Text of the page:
The doorway to the Blessed Sacrament Chapel on the north wall of the nave is topped by carvings of shields representing three Christian religious centers, Jerusalem, Rome, and Canterbury, and flanked by carvings representing the seven virtues and corresponding seven vices. The other door leaving the Blessed Sacrament Chapel is topped by carvings of shields representing three medieval universities, Oxford, Paris, and Salamanca, and flanked by carvings representing the seven liberal arts (the Trivium and the Quadrivium) and the seven gifts of the Holy Spirit.
Large stained glass windows due to Connick in the walls of the choir retell four "Christian epics": the Divine Comedy and Le Morte d'Arthur on the north wall and Paradise Lost and Pilgrim's Progress on the south wall. Milliner notes that images of historical and legendary people carved into the choir's woodwork "reflect the intended seating during a Chapel ceremony". Images of figures connected to music are carved into the front (west), where the choir would sit, and images of scholars are carved into the back (east), where faculty would sit. Behind the altar are carved images of eight religious figures: four Catholic saints to the north, and four leaders of Protestantism to the south. The epic windows reinforce the idea of a "Catholic north" and a "Protestant south": Catholics wrote the north epics and Protestants the south epics. In an ecumenical touch, the north and south are symbolically united by "The Love of Christ" in the Great East Window.
Stained glass windows telling the story of the Book of Job are set into the walls of the staircases between the narthex and the gallery. Friend was known for delivering popular lectures on Job, and Milliner speculates that Friend had these windows included to address the problem of evil. Connick designed the windows in consultation with Friend, but they were made by others after the former's death.
The chapel's iconography pays tribute in places to the other Abrahamic religions. Abraham himself is depicted in a stained glass window on the north side of the nave, together with a Star of David, a Christian cross, and a star and crescent. Other windows show Baruch Spinoza and Muhammad ibn Zakariya al-Razi; both images were planned before the chapel was built.
In several places the chapel's iconography includes images of figures associated with Princeton University:
- Jonathan Edwards, Princeton's third president: in the Theology window in the nave's south wall and again among the Protestant leaders carved into the woodwork in the choir behind the altar.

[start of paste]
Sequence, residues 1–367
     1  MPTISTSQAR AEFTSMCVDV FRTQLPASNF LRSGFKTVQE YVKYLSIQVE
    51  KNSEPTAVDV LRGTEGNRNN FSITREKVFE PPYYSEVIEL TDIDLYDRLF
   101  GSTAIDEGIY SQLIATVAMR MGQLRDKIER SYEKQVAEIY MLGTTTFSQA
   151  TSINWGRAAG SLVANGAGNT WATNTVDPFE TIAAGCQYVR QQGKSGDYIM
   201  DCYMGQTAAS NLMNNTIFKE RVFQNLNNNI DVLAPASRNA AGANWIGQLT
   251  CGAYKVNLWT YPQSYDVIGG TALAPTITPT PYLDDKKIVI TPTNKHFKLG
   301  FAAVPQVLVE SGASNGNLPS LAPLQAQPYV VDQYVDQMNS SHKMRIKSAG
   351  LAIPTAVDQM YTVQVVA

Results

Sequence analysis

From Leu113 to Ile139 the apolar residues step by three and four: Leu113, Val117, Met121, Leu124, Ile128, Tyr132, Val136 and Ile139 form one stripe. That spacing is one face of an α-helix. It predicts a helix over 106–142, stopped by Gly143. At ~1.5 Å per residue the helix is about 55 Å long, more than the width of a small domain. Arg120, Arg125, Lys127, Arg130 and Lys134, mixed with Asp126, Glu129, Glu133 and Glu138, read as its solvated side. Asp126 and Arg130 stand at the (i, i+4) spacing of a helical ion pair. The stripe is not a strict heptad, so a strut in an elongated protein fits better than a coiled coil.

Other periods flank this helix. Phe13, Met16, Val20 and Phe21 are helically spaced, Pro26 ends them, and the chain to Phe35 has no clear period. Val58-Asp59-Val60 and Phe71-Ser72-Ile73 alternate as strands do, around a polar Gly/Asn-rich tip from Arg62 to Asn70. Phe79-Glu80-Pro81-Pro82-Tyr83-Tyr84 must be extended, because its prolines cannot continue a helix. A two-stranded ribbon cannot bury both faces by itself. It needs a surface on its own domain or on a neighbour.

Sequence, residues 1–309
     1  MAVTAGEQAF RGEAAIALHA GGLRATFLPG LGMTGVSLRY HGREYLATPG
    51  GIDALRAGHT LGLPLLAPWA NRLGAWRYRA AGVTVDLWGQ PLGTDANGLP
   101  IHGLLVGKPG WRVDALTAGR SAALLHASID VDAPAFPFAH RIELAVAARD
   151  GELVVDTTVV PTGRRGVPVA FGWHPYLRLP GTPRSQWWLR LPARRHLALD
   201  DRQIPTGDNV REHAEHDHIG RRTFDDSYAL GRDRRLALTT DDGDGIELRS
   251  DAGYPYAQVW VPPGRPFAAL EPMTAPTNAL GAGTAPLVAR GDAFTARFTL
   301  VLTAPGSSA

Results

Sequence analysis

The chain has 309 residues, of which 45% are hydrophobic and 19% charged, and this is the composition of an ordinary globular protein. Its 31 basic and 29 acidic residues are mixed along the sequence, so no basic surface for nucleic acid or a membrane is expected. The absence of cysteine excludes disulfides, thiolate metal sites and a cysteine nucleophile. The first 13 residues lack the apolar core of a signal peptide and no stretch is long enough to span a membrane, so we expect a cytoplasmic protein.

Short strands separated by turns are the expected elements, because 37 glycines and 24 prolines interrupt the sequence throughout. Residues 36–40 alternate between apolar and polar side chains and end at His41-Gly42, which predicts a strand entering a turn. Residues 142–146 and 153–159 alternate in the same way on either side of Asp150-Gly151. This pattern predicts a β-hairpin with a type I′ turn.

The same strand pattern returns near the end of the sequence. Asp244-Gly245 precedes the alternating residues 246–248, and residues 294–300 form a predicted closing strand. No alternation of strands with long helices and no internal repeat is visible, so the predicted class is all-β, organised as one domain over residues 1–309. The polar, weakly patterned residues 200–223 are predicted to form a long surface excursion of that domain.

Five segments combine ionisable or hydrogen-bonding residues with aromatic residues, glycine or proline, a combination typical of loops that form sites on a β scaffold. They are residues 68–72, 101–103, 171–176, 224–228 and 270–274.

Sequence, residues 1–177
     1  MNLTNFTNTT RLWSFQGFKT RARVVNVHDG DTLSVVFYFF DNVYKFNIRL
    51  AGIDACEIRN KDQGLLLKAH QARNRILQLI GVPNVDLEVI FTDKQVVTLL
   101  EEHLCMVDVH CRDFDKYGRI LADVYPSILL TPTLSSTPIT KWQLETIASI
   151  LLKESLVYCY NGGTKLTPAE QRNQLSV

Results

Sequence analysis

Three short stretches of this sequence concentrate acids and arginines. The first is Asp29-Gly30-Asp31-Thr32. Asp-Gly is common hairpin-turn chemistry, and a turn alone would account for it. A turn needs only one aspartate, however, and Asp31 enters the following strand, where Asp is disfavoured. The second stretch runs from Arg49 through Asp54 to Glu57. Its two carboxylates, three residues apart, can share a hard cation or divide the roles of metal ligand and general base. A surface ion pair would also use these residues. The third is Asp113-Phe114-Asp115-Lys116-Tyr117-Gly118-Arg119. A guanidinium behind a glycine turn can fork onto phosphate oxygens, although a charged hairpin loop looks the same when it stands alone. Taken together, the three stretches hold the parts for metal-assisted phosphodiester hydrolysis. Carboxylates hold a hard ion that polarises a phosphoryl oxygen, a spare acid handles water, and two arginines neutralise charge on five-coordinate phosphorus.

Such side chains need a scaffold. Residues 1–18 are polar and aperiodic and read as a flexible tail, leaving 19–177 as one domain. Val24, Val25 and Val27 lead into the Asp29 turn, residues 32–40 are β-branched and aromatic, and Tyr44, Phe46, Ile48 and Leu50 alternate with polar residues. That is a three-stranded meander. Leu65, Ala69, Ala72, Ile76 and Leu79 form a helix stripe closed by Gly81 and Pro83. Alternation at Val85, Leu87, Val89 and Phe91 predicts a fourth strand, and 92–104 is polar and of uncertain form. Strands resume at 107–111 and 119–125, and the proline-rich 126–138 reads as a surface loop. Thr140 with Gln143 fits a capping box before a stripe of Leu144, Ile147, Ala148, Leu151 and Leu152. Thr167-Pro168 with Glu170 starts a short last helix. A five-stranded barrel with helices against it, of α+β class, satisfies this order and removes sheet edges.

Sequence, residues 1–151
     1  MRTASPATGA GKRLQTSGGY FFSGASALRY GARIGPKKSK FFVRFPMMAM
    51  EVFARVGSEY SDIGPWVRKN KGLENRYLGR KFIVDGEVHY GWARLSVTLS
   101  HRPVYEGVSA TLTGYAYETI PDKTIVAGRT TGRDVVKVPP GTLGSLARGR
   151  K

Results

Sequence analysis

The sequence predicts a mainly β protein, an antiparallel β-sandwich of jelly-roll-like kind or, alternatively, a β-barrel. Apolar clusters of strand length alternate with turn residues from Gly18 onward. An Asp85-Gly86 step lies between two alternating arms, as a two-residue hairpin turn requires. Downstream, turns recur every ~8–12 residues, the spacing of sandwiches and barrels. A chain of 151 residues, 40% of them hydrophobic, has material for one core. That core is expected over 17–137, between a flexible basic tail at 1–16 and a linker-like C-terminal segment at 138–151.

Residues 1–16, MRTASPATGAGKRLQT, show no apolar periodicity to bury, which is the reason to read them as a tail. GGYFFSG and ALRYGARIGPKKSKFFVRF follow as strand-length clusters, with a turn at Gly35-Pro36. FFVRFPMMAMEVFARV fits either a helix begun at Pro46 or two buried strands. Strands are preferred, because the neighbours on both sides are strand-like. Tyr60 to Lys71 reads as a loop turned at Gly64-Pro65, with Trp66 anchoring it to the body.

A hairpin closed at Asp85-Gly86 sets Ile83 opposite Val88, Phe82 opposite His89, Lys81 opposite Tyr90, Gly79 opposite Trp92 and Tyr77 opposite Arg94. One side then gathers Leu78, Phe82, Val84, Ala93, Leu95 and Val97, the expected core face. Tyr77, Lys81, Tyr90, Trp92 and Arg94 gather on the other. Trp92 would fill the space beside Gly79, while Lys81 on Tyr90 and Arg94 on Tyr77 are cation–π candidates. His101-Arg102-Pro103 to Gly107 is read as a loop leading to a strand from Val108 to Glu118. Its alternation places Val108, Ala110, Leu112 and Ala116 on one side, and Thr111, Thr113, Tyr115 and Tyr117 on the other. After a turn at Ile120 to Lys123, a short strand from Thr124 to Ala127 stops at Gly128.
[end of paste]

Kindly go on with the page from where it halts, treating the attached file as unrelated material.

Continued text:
- Joseph Henry, a professor and Trustee of Princeton: in the Science window in the nave's south wall.
- James Madison, a 1771 graduate of Princeton and its first graduate student: in the Law window in the nave's south wall.
- Adlai Stevenson II, a 1922 graduate of Princeton: in a dedicated stained glass window near the vestry.
- John Witherspoon, Princeton's sixth president: in the Great South Window, among the Christian teachers.
The chapel operates within university's Office of Religious Life. It is overseen by the Dean of the Chapel. The current Dean of the Chapel is Alison Boden, who is also Dean of Religious Life at Princeton.
The Office of Religious Life calls the chapel "the home of regular religious services for many of the university's faith groups, including the 264-year-old ecumenical Christian worshiping community [...] that founded Princeton in 1746." Though the university was once closely associated with the Presbyterian Church, it has never been affiliated with any religious denomination. In keeping with this tradition, the chapel hosts ecumenical Christian services each Sunday. Roman Catholic mass is celebrated daily.
The chapel also hosts several annual special events.
- Opening Exercises: The ceremony marking the beginning of the university's academic year has been held in the chapel since 1929.
- Service of Remembrance: On Alumni Day, the chapel hosts a service remembering members of the Princeton University community who died during the preceding calendar year.
- Westminster Choir College: The nearby conservatory holds many major performances and ceremonies each year in the chapel. These events include the annual Evening of Readings and Carols in December and the Westminster commencement ceremonies in May. 
- Baccalaureate: Princeton University's graduating senior class attends an interfaith baccalaureate service in the chapel on the Sunday prior to Commencement.
The Princeton Chapel Choir rehearses, provides music for the weekly service, and performs occasional concerts in the chapel.
The Office of Religious Life calls the chapel the third-largest university chapel in the world. According to Milliner, Princeton's is the second-tallest by height of the nave at the crossing; the tallest is King's College Chapel at the University of Cambridge. The belltower of the Basilica of the Sacred Heart at the University of Notre Dame, the tower of the Duke University Chapel, the tower of the University of Chicago's Rockefeller Chapel, and the campanile of Valparaiso University's Chapel of the Resurrection are all taller than Princeton's chapel, which does not have a tower or other appendages.